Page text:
Scotline is a steadily advancing U.K based shipping company that can trace its roots back to humble beginnings in 1979. The company carried its first cargo that same year under the Scotline trading name and will celebrate its 40th anniversary in 2019. The first shipment was logs between Inverness and Bremen in Germany which became a regular route, before changing to Inverness-Varberg. In 1981 the company chartered its first vessel and set up the Scotline liner service, transporting sawn timber from Varberg to Inverness as a joint venture with Scotlog Sales. In the present day the liner service has established trade routes between Denmark, Germany, Ireland, Norway, Sweden, the Baltic States and the U.K. The initial service employed charter vessels until 1994 when Scotline Marine Holdings Ltd., a close business partner, purchased its first vessel, the Hohebank, which was time chartered by Scotline. The original operation at Inverness was expanded to additional sites at Whitstable in Kent and Goole in Yorkshire, before moving to Gunness in Yorkshire and Rochester in Kent during 1994. The 10 acre site at Rochester, on the banks of the River Medway, is owned by Scotline Terminal (Medway) Ltd. and was much larger than the facility used at Whitstable. The site was developed to include office facilities, 2 large warehouses, secure storage for equipment and a base for an engineering team to meet the requirements of the ships and terminals. By 2010 the space at the Rochester site had been completely exhausted and more was required. A second terminal was sought and acquired in January 2011 by Scotline Terminal (Transit) Ltd., adding a further 14 acres to the storage space available to Scotline in Rochester. The company’s head office was originally based in Holborn, London, before moving to Romford in Greater London where it still is today. On 1st February 2018 Scotline Ltd. announced the signing of a contract with Royal Bodewes Group BV in Holland to build one 4,785dwt Bodewes Trader design ship with the option of a second sister vessel. The ship, to be named Scot Carrier, will have a length of 89.98m, a beam of 15.20m and a maximum draught of 5.68m. She will be powered by a MAK engine, will be sailing under the U.K Flag and classed under Lloyds Register. The hull is expected to be launched in September 2018 and Scotline expects the ship to be delivered in November 2018. The Scot Carrier will be fully container fitted, with Swedish ice class 1B and will be built to comply with all the latest legislation including provisions to be ready for the new ballast water treatment system regulations. The Scot Carrier will join Scotline’s fleet of 8 owned vessels and follows on from the delivery of the 2,571gt Scot Navigator in 2017. The Scot Carrier is being built by the same yard and will be similar to the 3,183gt/2007 built Scot Leader. At the time of writing, Scotline also had four vessels on charter (see fleet list).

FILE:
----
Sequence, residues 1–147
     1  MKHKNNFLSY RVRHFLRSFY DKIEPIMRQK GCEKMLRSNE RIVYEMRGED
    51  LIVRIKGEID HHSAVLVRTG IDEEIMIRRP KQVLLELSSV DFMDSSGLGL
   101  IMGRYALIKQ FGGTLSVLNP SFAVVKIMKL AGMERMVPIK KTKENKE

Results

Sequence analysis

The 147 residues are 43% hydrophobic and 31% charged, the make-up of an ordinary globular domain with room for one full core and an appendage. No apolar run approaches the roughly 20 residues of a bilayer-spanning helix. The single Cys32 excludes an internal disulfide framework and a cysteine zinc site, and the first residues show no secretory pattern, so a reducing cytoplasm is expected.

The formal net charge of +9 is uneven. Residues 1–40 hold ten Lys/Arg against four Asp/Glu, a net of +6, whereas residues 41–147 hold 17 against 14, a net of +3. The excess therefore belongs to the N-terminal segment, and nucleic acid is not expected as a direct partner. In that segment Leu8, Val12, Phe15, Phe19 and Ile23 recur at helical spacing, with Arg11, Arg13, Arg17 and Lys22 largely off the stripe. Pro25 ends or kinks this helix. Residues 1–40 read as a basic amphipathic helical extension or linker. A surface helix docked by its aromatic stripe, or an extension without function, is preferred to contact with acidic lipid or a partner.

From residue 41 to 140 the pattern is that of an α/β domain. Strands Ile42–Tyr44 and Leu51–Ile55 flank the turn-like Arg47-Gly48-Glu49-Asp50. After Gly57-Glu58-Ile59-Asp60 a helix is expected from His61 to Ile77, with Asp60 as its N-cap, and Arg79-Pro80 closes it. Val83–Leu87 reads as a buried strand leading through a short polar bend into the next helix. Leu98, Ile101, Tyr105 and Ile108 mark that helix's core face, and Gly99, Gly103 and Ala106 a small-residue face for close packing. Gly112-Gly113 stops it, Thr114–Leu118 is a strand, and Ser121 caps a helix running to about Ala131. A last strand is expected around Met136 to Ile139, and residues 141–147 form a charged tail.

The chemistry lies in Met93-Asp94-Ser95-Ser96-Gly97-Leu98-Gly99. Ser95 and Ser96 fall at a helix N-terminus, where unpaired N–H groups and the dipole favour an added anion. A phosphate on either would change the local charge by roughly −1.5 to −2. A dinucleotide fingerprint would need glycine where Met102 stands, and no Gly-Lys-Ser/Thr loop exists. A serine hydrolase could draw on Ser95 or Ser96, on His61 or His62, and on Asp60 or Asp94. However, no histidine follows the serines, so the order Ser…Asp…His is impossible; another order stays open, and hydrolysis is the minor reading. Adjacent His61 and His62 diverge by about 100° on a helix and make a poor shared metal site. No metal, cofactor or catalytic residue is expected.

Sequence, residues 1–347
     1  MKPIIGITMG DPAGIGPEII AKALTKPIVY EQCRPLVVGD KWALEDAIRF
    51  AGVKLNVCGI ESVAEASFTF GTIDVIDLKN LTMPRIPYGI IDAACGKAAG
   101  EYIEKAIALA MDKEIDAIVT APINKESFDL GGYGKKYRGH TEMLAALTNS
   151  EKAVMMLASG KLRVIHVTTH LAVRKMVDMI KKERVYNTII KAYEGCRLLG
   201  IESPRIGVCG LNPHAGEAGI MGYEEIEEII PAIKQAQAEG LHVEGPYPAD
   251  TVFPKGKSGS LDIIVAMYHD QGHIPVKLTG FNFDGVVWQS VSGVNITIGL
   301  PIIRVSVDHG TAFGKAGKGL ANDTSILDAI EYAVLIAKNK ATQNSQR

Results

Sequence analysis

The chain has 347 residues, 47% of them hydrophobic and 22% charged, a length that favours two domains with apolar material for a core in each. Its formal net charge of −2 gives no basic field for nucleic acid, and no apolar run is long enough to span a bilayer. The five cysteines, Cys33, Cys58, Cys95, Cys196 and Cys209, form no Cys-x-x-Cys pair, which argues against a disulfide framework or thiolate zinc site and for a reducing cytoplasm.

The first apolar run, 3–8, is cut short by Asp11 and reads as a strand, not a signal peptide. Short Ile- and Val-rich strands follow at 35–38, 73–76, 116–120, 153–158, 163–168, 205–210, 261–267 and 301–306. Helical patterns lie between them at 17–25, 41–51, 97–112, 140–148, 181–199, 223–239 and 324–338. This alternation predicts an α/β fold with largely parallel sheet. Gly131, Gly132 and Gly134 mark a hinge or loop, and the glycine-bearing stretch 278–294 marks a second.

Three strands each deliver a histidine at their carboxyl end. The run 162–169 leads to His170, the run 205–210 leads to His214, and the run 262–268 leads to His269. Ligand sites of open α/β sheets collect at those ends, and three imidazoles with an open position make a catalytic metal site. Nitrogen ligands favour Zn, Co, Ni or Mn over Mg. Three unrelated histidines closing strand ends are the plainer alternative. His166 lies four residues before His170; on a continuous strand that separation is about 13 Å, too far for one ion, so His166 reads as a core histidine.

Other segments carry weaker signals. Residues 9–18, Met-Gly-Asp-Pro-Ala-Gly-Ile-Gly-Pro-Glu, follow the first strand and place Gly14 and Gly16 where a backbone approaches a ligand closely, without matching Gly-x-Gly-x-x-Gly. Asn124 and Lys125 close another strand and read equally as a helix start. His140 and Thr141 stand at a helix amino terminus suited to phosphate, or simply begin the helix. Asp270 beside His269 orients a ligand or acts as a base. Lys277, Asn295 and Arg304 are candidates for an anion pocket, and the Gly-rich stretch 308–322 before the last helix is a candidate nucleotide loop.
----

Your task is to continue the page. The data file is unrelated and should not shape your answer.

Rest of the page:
Growing the Fleet
The Scotline owned-fleet had previously grown further in 2017 with the addition of the vessel that is the subject of this newbuild feature. The ship took the form of a derivative of the Sea-River Liner 3700 developed by Groot Ship Design in co-operation with GS Yard and Dutch shortsea operator Wijnne Barends. The order for the economical and financially attractive Eco Freighter 3700 was placed on 16th December 2016 at the GS Yard in The Netherlands. This newbuild was a direct result of experience operating a sister vessel, the chartered 2,544gt/2015 built Lady Ariane from Dutch ship owner Wijnne Barends. Indeed, the Eco Freighter 3700 made its debut on the maritime scene in 2011 when the first of Wijnne Barends’ 11 Lady-A series of vessels was delivered. Scotline were said to be impressed with the Lady Ariane’s performance and the favourable ratio of cargo capacity versus fuel economy. Existing tonnage of the same calibre was not available which prompted the decision to order this newbuild. The new Scotline ship took the identity of Hull No. 169 and was constructed by GS Yard B.V in Waterhuizen, The Netherlands. This shipyard, an operating company of Hogau B.V, primarily constructs assorted vessel types for inland waterways and opened for business in 2007 on the former van Diepen Shipyard site in Groningen. The range of products evolved to include ship designs that can serve both inland and coastal waters. The first quartet of this multipurpose series of ships was built for Wijnne Barends. The yard has also constructed the hulls of two river cruise vessels built for De Gerlien van Tiem and they now trade on the River Rhine. The shipyard has a unique longitudinal slipway, making it possible to launch ships with a large tonnage with ease. The Naval Architect for this ship type, Groot Ship Design (GSD), is a design and engineering company based in Leek, The Netherlands. GSD has references in projects executed all over the world and a lengthy portfolio of ship designs including the Groot Cross-Bow, the EContFlex 1000/1200 and the SuperGreen 8500/10000. Assigned the name Scot Navigator, the newbuild was launched in Waterhuizen as the tenth vessel in Scotline’s fleet on 22nd February 2017.